An Alien Dispute
Lakker’s Containing A Thousand EP has the ability to make you feel small. The short EP plays like a four-act cosmic drama. The opening title track is like a sneak attack. All of the elements take their place. A war cry sounds as the tempo and intensity builds, everything goes quiet, and then the beat drops. The bass and mids come out from their hiding places covered in camouflage paint, twigs and leaves sticking out of their Rambo headbands as they storm the unsuspecting. The assault only lasts a few moments, but when it all goes quiet again, there’s a feeling that there have been some serious devastation.
The following track, “Mausoleum,” walks the listener through the rubble and broken glass. The melody is relentless, like an air raid siren. Among all this destruction the steady and industrial beat driving toward rebuilding and revenge. “K’antu” takes the listener into the devastated war room. The counterattack is being meticulously planned. “K’antu” has more tribal beat than the other tracks and is the most upbeat. The plan is just about foolproof. Success is all but guaranteed.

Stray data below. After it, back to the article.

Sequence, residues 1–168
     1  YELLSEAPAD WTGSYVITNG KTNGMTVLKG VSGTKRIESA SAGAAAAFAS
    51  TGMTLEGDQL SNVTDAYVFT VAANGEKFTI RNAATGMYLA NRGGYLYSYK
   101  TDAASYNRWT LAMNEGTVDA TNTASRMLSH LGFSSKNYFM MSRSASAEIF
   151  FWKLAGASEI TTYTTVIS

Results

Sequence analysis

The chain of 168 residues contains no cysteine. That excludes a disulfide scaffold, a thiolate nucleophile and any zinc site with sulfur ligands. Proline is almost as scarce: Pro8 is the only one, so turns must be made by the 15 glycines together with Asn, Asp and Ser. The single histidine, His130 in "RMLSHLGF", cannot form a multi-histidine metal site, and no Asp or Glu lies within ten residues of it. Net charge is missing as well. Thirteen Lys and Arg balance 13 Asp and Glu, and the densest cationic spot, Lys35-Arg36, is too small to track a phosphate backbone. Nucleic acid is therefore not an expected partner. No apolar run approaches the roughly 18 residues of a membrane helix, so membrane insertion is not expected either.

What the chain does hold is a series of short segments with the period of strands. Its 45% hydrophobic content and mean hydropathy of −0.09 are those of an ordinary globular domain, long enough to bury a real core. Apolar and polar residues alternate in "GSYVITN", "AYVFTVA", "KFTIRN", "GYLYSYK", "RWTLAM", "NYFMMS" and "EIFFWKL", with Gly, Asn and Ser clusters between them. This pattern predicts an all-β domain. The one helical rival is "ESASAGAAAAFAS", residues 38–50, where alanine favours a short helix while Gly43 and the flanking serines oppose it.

Finally in “Thermohaline,” the warring tribes meet and fight it out. Elements similar to those in “Containing A Thousand” and “K’antu” are pitted against each other, tumbling through space, each trying to better the other. When it fades to black, it’s unsure who’s won, if anyone has.
In Lakker’s debut EP, the Irish duo have put together a delightfully cinematic sound. Their sound has the ability to consume listeners and bring them into their world. Containing A Thousand is short but expansive, intense but tender, and when it’s all over, it feels like you’ve survived something epic.